Koreas plan to survey, connect railways
SEOUL, South Korea -- South Korea said Saturday that the United Nations Security Council granted an exemption to sanctions that will allow surveys on North Korean railroad sections the Koreas want to connect with the South.
The surveys would require the South to bring to the North fuel and a variety of goods, including possibly cars to test on northern tracks.
The Koreas plan to hold a groundbreaking ceremony by the end of the year on an ambitious project to connect their railways and roads as agreed by their leaders. But beyond surveys and tape-cuttings, they cannot move much further along without the lifting of U.S.-led sanctions against North Korea, which isn't likely before Pyongyang takes firmer steps toward relinquishing its nuclear weapons and missiles.
The plan to modernize North Korea's outdated railways and roads and reconnect them with the South was among many agreements reached between North Korean leader Kim Jong Un and South Korean President Moon Jae-in, who met three times this year amid a diplomatic push that eased tensions over the North's nuclear program.
Violent tax protests persist in France
PARIS -- French police fired tear gas and water cannons to disperse violent demonstrators in Paris on Saturday, as thousands gathered in the capital and beyond and staged road blockades to vent anger against rising fuel taxes.
Thousands of police were deployed nationwide to contain the eighth day of deadly demonstrations that started as protests against tax but morphed into a rebuke of President Emmanuel Macron and the perceived elitism of France's ruling class. Two people have been killed since Nov. 17 in protest-related tragedies.
At least 19 people, including four police officers, were hurt Saturday and one person had more serious injuries in the day of unrest in Paris, according to police.
Macron responded in a strongly worded tweet: "Shame on those who attacked [police]. Shame on those who were violent against other citizens ... No place for this violence in the Republic."
Interior Minister Christophe Castaner said that 8,000 protesters flooded the Champs-Elysees at the demonstration's peak and there were nearly 106,000 protesters and 130 arrests in total nationwide.
Paris deployed some 3,000 security forces on Saturday, notably around tourist-frequented areas.
Pakistan looks into India ties in attack
KARACHI, Pakistan -- The suicide bomber that targeted the Chinese Consulate in Karachi used a foreign-made C-4 plastic explosive, said Pakistani police, who suggested Saturday that the attack was orchestrated in India.
Counterterrorism officer Umar Khitab said that authorities are investigating whether Baluch separatist commander Aslam Achhu, who they believe masterminded the attack, is in India. The Baluch Liberation Army claimed responsibility for the attack, and Khitab said the group is backed by "the enemy country," a reference to India.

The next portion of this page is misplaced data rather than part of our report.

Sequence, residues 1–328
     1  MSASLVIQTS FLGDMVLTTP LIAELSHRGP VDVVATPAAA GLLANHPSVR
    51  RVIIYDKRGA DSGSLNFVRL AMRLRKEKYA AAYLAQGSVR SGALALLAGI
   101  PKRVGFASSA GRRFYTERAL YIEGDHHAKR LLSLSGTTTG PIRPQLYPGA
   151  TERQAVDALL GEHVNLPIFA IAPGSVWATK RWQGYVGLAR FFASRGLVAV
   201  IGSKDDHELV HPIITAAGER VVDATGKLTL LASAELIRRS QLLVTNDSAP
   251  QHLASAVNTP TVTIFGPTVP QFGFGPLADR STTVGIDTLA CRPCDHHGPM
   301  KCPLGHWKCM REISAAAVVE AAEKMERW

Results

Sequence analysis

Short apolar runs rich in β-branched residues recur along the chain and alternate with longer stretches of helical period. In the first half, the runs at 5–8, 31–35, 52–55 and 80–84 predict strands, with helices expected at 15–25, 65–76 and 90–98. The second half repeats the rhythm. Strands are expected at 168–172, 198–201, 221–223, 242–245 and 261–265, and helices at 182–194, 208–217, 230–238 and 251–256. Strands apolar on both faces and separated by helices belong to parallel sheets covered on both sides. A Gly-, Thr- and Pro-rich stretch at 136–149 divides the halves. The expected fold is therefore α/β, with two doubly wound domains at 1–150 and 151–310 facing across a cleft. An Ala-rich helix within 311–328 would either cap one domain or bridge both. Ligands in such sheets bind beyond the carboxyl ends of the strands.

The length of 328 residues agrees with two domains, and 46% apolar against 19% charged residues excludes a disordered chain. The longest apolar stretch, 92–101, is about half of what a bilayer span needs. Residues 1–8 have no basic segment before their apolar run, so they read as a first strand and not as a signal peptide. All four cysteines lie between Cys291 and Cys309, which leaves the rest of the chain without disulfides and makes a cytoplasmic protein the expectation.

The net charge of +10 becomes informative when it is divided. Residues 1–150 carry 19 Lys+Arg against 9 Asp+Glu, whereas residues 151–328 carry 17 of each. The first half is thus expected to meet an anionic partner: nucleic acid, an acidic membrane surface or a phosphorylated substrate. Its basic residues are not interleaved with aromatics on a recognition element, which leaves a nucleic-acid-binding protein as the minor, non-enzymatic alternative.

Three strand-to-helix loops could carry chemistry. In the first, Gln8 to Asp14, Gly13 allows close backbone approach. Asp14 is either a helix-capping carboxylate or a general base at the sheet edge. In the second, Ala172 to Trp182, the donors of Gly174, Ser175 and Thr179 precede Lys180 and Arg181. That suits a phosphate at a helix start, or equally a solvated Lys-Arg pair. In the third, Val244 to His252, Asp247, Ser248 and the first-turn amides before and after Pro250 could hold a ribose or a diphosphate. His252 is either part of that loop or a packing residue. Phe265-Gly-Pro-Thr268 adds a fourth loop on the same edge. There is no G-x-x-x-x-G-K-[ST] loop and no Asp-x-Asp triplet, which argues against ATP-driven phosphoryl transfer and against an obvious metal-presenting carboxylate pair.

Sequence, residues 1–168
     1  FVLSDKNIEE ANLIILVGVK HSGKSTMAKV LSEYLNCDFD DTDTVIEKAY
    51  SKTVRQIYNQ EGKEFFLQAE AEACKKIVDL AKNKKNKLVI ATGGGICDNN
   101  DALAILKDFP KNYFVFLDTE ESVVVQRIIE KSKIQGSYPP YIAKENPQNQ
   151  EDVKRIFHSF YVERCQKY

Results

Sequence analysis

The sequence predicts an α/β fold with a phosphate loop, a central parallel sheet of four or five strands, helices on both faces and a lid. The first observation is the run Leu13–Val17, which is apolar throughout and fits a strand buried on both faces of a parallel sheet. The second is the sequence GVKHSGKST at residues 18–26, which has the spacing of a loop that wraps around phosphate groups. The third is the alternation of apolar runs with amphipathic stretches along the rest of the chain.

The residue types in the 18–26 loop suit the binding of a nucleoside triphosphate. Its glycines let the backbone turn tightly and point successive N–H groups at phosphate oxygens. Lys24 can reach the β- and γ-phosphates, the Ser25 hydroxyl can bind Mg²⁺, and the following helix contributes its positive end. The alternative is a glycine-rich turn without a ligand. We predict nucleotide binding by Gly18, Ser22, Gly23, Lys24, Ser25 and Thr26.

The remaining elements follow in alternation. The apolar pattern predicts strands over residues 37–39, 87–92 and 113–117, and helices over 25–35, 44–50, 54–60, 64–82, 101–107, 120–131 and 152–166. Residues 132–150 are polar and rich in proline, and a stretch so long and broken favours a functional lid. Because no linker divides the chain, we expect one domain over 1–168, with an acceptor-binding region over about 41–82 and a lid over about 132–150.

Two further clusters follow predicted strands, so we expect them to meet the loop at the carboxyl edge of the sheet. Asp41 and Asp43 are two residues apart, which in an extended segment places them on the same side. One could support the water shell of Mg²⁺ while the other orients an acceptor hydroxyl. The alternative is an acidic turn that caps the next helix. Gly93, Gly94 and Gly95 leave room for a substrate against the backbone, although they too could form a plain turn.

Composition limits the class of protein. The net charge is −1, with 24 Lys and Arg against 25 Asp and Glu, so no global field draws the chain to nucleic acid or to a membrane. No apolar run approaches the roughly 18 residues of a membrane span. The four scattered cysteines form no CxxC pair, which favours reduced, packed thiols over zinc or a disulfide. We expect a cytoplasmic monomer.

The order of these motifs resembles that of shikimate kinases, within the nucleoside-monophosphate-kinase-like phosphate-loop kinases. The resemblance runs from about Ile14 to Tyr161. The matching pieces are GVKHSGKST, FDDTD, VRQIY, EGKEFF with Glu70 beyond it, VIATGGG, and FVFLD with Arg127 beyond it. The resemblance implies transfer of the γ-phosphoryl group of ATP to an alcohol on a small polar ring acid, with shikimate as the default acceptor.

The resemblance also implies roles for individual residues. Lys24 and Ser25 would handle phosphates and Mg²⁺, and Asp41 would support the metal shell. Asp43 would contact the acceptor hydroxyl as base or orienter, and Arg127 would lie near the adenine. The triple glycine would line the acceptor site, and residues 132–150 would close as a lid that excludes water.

There was no immediate comment from India's External Affairs Ministry.
Two other Pakistani officials said four suspects, who allegedly facilitated the three attackers, were arrested in Karachi and other Sindh province towns. They spoke on condition of anonymity because they were not authorized to brief media.
Friday's attack on the Chinese Consulate in Karachi triggered an intense shootout that left all three assailants, two police officers and two civilians dead.
Iranian leader calls Israel 'fake regime'
TEHRAN, Iran -- Iran's President Hassan Rouhani on Saturday called Israel a "cancerous tumor" established by Western countries to advance their interests in the Middle East.
Iran's leaders frequently condemn Israel and predict its demise, but Rouhani, a relative moderate, rarely employs such rhetoric.
Addressing an annual Islamic Unity Conference on Saturday, Rouhani said "one of the ominous results of World War II was the formation of a cancerous tumor in the region." He went on to refer to Israel as a "fake regime" set up by Western countries.
Israeli Prime Minister Benjamin Netanyahu responded later Saturday, saying, "Rouhani's slander, which calls for the destruction of Israel, proves yet again why the nations of the world need to join in the sanctions against the Iranian terrorist regime which threatens them."
Iran supports militant groups like Hezbollah and Hamas that are pledged to Israel's destruction. Iran has never threatened to attack Israel, but has vowed to retaliate if it is attacked. Israel views Iran as an existential threat.
Rouhani said the United States cultivates close ties with "regional Muslim nations" to protect Israel, an apparent reference to Iran's regional rival Saudi Arabia and the kingdom's Sunni Arab allies. He said bowing to American pressure amounts to "treason."
A demonstrator waves the French flag Saturday near a burning barricade on the Champs-Elysees in Paris during a protest against rising fuel taxes. Thousands of officers were deployed across France on the eighth day of violent demonstrations.
Iranian President Hassan Rouhani on Saturday lashed out at Israel and accused the U.S. of cultivating ties with Muslim nations to protect the Israelis.
A Section on 11/25/2018
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